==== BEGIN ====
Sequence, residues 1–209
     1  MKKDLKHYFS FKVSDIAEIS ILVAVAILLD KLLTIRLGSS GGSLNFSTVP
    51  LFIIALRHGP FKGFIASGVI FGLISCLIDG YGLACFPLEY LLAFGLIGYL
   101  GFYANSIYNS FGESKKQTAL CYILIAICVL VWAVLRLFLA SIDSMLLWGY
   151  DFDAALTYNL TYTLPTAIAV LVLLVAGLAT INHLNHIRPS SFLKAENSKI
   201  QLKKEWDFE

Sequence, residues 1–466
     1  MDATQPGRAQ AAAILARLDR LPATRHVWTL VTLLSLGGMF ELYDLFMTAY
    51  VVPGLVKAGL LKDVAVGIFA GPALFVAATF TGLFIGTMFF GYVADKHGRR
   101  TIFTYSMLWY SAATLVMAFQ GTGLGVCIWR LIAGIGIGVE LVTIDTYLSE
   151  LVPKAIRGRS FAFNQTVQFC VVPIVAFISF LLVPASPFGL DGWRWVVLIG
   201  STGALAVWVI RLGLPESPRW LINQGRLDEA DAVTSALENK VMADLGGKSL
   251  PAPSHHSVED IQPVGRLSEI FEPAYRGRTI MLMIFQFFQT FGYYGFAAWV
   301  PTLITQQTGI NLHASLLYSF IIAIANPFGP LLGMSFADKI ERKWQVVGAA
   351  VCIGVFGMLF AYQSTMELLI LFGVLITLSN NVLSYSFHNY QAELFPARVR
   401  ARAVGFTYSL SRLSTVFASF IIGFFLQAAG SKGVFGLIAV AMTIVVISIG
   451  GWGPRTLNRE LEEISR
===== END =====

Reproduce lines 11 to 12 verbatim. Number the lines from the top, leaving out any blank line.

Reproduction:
   151  LVPKAIRGRS FAFNQTVQFC VVPIVAFISF LLVPASPFGL DGWRWVVLIG
   201  STGALAVWVI RLGLPESPRW LINQGRLDEA DAVTSALENK VMADLGGKSL